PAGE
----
By Michele Weiner DavisMen always want sex. That's the message you hear from your friends, from
talk-show experts, from TV sitcoms. Except when they don't.
What if you find that you're the one craving a deeper sexual connection, but
he simply doesn't want sex very often — or ever? How can you rescue your sex
life? Read on for couple-tested solutions for bringing intimacy and heat back
into your relationship, in this exclusive excerpt from the new book by REDBOOK
Love Network expert Michele...
As a response to societal pressures to procreate, she launched the web site
Kid Free & Lovin' It in August 2007. She's also writing a book on
"My motivation to start the site was the same for starting my book: I
got tired of everyone assuming I would have kids or constantly asking me
when I was going to have them," says Walters, now 46. "Knowing
that I may never have kids, I didn't quite know how to answer them without
disappointing them or making them defensive. So I googled the subject matter,
and found there were many groups of child-free people in my same boat, dealing
with a myriad of child-free issues."
What It Means to Be Child-Free by Choice
In her book The Childless Revolution, author Madelyn Cain echoes
Walters' sentiments. She writes that those who are childless by choice don't
see themselves as lacking anything. She notes that their preference is to be
referred to as 'child-free,' which reflects a considered lifestyle choice.
Whether more people are adopting this lifestyle choice is harder to quantify
-- there just isn't that much data on the subject -- but Americans' views on
the importance of children to a relationship do appear to be changing. A 2007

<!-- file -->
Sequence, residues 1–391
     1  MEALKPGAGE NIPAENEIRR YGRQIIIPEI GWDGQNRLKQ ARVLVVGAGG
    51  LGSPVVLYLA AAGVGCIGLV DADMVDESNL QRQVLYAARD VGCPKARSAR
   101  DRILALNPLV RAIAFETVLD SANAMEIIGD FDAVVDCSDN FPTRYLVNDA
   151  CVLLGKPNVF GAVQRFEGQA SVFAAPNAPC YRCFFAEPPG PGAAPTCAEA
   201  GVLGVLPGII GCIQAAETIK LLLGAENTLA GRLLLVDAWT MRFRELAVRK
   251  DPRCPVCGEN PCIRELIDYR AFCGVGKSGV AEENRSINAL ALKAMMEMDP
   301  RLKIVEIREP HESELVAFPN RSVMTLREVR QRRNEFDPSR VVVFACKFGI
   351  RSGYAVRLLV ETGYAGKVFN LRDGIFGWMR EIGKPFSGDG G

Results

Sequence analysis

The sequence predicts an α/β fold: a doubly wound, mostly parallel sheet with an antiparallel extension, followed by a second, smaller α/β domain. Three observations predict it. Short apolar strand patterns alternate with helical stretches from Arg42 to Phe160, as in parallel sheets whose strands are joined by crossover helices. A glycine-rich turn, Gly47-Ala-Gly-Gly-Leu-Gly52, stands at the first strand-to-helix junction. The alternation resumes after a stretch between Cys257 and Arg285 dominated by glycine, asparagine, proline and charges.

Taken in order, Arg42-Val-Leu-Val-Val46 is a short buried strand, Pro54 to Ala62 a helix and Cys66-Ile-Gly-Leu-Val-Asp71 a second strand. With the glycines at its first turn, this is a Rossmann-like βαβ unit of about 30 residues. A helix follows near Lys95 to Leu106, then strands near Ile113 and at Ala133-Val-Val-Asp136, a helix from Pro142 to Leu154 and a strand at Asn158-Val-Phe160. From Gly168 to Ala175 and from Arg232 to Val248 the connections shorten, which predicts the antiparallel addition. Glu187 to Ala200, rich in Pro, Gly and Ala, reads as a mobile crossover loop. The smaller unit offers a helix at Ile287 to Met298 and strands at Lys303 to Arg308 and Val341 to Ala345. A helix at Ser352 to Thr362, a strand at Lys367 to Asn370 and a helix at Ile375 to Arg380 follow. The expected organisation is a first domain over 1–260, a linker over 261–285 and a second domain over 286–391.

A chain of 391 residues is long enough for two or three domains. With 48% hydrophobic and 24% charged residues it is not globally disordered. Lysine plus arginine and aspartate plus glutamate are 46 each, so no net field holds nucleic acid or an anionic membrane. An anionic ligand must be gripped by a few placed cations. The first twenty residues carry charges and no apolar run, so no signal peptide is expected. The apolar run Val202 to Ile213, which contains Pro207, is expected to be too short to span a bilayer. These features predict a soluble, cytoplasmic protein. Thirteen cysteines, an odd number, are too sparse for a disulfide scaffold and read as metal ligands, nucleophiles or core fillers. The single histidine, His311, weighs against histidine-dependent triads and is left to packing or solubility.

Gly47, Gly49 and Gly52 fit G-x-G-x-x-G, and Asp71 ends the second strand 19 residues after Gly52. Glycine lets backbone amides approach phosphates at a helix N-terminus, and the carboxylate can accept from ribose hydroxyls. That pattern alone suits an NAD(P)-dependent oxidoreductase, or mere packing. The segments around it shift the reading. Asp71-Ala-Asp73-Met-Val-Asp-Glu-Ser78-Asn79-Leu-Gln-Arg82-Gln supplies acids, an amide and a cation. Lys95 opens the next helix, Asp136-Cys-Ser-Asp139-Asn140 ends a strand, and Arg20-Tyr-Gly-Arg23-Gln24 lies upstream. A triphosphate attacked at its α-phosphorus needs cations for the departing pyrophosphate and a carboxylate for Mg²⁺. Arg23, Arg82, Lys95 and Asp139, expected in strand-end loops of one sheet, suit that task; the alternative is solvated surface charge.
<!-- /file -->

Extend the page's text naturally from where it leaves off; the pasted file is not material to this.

Pew Research Center survey showed that attitudes on whether children are
integral to a relationship are changing. Just 41% of Americans said children
are "very important" to a successful marriage. That's down from 65% in
Today, resources for the voluntarily child-free abound. Support sources
include social networking groups, like Childfree Meetup; web sites, such as
nokidding.net; and books, including Families of Two: Interviews With Happily
Married Couples Without Children by Choice.
Laura Scott of Roanoke, Va., was motivated to create the Childless by Choice
project to test commonly held assumptions about the child-free. Her
self-described "research project" has ballooned into a book and
documentary based on a survey of North American child-free couples, historians,
and social scientists.
"One of my interviewees called parenthood a 'checklist' item," Scott
tells WebMD. "You graduate high school: check. Go to college: check. Marry:
check. Buy a house: check. Have a kid: check. Most people, like myself, who
decided early not to have kids, acknowledged an absence of desire. Speaking for
myself, parenthood seemed too important or daunting an endeavor to go into
without enthusiasm or desire."